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    Topic review

    Litter Modification of Forest Fluxes

    Subjects: Soil Science
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    Definition

    Litter can modify GHG fluxes often in gas-specific ways, although there are also common mechanisms underlying its effect, which are regulated by the environmental conditions, forest management and climate change factors.

    1. Introduction

    Forest ecosystems are a critical component of the global carbon (C) budget through their ability to sequester and retain large amounts of CO2 [1]. An elucidation of the functioning of forest ecosystems, including their contribution to greenhouse gas (GHG) exchange, is crucial for the development of adaptation and mitigation strategies. In Europe, forests cover about 35% of the total land area, corresponding to 227 million ha with a decreasing share of coniferous (46%), broad leaved (37%), and mixed (17%) tree species [2].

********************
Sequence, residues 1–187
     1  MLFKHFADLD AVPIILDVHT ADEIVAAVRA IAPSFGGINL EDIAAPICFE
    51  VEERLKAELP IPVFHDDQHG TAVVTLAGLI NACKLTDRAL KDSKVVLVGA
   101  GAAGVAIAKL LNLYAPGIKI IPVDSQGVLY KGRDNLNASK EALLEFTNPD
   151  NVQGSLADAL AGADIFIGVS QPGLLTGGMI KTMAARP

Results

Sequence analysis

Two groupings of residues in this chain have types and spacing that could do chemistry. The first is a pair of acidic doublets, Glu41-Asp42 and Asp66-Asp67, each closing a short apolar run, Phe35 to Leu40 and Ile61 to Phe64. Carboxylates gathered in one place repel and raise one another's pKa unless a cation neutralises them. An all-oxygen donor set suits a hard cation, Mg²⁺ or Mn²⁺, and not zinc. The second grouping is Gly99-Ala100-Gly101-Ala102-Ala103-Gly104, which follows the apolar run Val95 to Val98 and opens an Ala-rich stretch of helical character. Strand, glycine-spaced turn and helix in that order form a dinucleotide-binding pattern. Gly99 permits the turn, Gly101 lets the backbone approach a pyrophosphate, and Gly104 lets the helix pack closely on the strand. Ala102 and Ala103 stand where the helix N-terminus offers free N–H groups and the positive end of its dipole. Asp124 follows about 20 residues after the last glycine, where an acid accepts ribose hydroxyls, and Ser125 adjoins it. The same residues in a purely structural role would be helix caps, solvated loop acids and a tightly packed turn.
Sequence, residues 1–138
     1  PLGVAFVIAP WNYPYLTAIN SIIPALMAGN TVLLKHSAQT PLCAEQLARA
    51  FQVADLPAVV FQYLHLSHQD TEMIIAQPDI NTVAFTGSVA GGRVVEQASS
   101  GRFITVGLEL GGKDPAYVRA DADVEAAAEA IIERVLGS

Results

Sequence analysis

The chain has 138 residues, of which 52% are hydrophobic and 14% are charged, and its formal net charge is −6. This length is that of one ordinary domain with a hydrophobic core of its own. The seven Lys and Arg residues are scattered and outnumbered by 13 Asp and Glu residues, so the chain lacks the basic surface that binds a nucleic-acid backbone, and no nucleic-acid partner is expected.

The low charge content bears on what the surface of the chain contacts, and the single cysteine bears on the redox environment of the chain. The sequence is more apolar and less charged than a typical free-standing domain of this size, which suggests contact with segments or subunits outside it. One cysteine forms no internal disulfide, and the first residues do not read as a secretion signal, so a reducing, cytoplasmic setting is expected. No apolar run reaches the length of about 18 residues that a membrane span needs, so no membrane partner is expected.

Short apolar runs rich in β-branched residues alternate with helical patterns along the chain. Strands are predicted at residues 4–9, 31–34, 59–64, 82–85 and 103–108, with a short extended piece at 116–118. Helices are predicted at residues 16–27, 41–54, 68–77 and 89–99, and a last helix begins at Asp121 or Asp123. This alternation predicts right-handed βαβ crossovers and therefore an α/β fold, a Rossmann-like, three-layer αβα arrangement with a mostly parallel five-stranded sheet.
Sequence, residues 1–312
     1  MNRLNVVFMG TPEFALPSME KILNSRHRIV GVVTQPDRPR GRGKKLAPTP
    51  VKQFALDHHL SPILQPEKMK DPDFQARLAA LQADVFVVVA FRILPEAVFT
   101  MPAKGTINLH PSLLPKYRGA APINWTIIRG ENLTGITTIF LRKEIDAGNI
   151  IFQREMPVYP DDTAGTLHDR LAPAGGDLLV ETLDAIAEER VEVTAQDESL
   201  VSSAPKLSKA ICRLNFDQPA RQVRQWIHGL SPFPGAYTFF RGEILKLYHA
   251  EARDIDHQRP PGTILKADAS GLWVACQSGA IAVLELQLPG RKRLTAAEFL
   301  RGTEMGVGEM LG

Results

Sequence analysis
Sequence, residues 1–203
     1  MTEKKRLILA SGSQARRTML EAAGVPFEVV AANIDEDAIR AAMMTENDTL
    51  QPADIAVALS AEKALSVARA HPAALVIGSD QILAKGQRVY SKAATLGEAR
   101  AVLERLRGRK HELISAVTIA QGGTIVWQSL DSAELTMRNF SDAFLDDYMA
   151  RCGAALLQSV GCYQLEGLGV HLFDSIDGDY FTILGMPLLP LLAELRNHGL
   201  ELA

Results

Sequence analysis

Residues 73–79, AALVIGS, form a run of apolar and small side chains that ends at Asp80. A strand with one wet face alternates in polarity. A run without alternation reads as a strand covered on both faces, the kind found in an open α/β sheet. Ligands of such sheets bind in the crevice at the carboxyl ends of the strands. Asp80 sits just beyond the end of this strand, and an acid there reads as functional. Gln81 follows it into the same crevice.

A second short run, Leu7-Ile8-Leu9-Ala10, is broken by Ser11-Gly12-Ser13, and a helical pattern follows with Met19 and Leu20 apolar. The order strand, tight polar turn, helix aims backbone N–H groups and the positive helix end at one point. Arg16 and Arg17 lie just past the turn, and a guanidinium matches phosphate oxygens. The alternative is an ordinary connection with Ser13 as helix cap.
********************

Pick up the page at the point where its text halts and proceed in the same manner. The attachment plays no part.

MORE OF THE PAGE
Forest soils influence the GHG balance, with carbon dioxide (CO2) and methane (CH4) as key elements of the global C cycle. Of the three major GHGs the CO2 flux is quantitatively often the most important and its concentration has increased by 1.9 ppm yr−1 in the last 10 years [3]. The biogenic sources of CO2 efflux from soil are root respiration, rhizomicrobial respiration, priming-related effects, and basal respiration associated with the microbial decomposition of organic matter in soils [4]. Forest ecosystems also significantly contribute to the increase in CO2 emissions through forest fires, deforestation [5][6][7], and CO2 release by soil microorganisms colonizing dead trees [7]. For many forests, soil CH4 is another important GHG with a global warming potential (GWP) 28 times greater than that of CO2 [8]. Soils may be a source or sink for CH4 depending on the balance between CH4 production (methanogenesis in an anaerobic environment) and CH4 oxidation (methanotrophy in aerobic conditions) [9][10]. The process of methanotrophy has significant mitigating potential since methanotrophs can contribute to a reduction in atmospheric CH4 (high affinity methanotrophy) on the one hand, but, on the other hand, can also oxidize the higher soil CH4 concentrations before this reaches the atmosphere (low affinity methanotrophy) [11]. Methanotrophy in forest soils is of particular importance, as these soils show high activity compared to soils from other ecosystems due to the dominance of high affinity methanotrophs [12].